year, and I shed many tears by his grave in the churchyard
looking out upon the willows and the shining Terne. Afterwards
came many sad partings, last visits to Hawkestone, Buntingsdale,
Goldstone; last rambles to Heishore, Jackson's Pool, and the
Islands; and then we all came away-my Uncle Penrhyn first, then
Aunt Kitty, then my mother and Lea and I, and lastly Grannie, who
drove in her own carriage all the way to her house in New Street,
Spring Gardens, the posting journey, so often talked of actually
taking place at last. Henceforward Stoke seemed to be transferred
to New Street, which was filled with relics of the old Shropshire
Rectory, and where Mrs. Cowbourne, Margaret Beeston, Anne Tudor,
and Richard the footman, with Rose the little red and white
spaniel, were household inmates as before.
I thought the house in New
Street charming - the cool, old-fashioned, bow-windowed rooms,
which we should now think very scantily furnished, and like those
of many a country inn the dining-room opening upon wide leads,
which Grannie soon turned into a garden; the drawing-room, which
had a view through the trees of the Admiralty Garden to the
Tilting Yard, with the Horse Guards and the towers of Westminster
The grief of leaving Stoke
made me miserably unwell, and a doctor was sent for as soon as I
arrived at the Stanleys' house, 38 Lower Brook Street, who came
to me straight from a patient ill with the scarlatina, and gave
me the disorder. For three weeks I was very seriously ill in hot
summer weather, in stifling rooms,
LEYCESTER'S GRAVE, STOKE CHURCHYARD.
looking on the little
black garden and chimney-pots at the back of the house. Mary and
Kate Stanley were sent away from the infection, and no one came
near me except my faithful friend Miss Clinton, who brought me
eau-de-Cologne and flowers. It was long foolishly concealed from
me that I had the scarlatina, and therefore, as I felt day after
day of the precious holidays ebbing away, while I was pining for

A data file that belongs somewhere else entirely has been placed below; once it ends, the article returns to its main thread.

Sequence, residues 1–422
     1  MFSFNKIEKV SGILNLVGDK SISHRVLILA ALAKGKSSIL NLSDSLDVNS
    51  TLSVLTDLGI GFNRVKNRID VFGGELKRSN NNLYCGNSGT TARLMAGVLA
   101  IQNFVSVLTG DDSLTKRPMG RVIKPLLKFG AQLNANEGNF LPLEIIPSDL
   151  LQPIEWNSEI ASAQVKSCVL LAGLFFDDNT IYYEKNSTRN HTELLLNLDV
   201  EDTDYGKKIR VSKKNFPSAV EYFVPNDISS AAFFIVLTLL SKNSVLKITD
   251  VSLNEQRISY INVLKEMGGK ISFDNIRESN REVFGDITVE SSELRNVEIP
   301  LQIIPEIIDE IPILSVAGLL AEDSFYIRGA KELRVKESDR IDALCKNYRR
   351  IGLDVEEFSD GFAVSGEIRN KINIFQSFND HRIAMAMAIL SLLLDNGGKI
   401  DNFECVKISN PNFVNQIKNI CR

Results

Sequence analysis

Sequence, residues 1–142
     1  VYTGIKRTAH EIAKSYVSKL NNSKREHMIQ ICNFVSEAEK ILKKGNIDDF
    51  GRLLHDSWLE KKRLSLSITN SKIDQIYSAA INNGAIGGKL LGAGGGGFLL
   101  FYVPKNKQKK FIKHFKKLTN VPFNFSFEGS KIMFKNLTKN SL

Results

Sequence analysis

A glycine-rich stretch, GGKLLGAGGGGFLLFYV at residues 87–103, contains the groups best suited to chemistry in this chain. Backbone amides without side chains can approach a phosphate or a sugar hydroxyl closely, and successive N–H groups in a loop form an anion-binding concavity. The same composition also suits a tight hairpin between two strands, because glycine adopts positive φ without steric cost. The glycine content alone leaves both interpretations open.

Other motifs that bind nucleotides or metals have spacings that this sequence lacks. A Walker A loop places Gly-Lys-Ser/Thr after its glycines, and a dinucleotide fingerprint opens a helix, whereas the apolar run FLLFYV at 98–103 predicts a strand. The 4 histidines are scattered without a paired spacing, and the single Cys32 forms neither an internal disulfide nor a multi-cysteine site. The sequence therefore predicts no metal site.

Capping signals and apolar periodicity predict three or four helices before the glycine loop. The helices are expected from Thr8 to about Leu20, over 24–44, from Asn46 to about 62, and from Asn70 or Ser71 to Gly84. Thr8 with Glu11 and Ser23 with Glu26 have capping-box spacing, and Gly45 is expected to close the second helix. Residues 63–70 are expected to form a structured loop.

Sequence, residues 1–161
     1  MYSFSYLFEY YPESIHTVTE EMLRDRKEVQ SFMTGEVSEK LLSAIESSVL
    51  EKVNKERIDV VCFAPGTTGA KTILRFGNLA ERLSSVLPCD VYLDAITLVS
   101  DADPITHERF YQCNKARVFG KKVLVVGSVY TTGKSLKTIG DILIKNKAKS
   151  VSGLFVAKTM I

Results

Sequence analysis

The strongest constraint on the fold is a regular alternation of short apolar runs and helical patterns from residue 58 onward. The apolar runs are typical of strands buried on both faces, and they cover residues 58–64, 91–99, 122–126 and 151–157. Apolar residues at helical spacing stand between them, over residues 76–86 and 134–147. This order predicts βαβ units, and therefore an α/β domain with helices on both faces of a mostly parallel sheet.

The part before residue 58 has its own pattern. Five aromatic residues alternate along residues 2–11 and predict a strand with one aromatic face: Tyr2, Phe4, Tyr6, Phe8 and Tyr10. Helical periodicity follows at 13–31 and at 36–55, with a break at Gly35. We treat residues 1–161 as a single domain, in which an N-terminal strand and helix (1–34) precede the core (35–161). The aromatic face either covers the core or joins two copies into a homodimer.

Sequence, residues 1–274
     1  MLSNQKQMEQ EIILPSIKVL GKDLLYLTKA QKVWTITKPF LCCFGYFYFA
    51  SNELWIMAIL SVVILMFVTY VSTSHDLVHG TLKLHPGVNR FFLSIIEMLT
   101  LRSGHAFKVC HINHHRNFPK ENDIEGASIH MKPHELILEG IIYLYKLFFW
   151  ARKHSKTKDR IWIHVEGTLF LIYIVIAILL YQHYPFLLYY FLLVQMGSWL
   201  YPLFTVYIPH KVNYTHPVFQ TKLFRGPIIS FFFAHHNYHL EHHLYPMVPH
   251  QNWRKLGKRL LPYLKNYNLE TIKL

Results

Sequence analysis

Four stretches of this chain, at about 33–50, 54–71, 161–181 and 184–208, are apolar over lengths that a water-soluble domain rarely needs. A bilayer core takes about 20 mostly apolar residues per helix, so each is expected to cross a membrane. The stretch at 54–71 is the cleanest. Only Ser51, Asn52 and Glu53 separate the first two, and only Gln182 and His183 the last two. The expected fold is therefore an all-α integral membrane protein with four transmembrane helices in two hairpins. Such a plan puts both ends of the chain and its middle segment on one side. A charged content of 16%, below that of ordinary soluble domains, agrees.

coolness and fresh country air, my mental fever added much to my
bodily ailments, whereas, when once told that I was seriously ill,
I was quite contented to lie still. Before I quite recovered, my
dear nurse Lea became worn-out with attending to me, and we had
scarcely reached Lime before she became most dangerously ill with
a brain-fever For many days and nights she lay on the brink of
the grave, and great was my agony while this precious life was in
danger. Aunt Esther, who on great occasions generally
behaved kindly, was very good at this time, ceased to persecute
me, and took a very active part in the nursing.
At length our dear Lea was
better, and as I was still very fragile, I went with my mother
and Anne Brooke, our cook, to Eastbourne-then a single row of
little old-fashioned houses by the sea-where we inhabited, I
should think, the very smallest and humblest lodging that ever
was seen. I have often been reminded of it since in reading the
account of Peggotty's cottage in "David Copperfield."
It was a tiny house built of flints, amongst the boats, at the
then primitive end of Eastbourne, towards the marshes, and its
miniature rooms were filled with Indian curiosities, brought to
the poor widow to whom it belonged by a sailor son. The Misses
Thomas of Wratton came to see us here, and could hardly suppress
their astonishment at finding us in such a place - and when the
three tall smart ladies had once got into our room, no one was
able to move, and all had to go out in the order in which they
were nearest the door. But my mother always enjoyed exceedingly
these primitive places, and would sit for hours on the beach with
her Taylor's "Holy Living" or her "Christian Year,"
and had soon made many friends amongst the neighbouring cottagers,
whose houses were quite as fine as her own, and who were
certainly more cordial to the lady who had not minded settling
down as one of themselves, than they would have been to a smart
visitor in a carriage. The most remarkable of these people was an
excellent old woman called Deborah Pattenden, who lived in the
half of a boat. turned upside down, and had had the most
extraordinary adventures. My first literary work was her
biography, which told how she had suffered the pains of drowning,
burning (having been enveloped in flames while struck by
lightning), and how she had lain for twenty-one days in a rigid
trance (from "the plague," she described it) without
food or sign of life, and was near being buried alive. We found a
transition from our cottage life in frequent visits to Compton
Place, where Mrs. Cavendish, mother of the 7th Duke of Devonshire,
lived then, with her son Mr. Cavendish, afterwards Lord Richard.
She was a charming old lady, who always wore white, and had very
simple and very timid manners. But she was fond of my mother, who
was quite adored by Lord Richard, by whom we were kept supplied
with the most beautiful fruits and flowers of the Compton Gardens.
He was very kind to me also, and would sometimes take me to his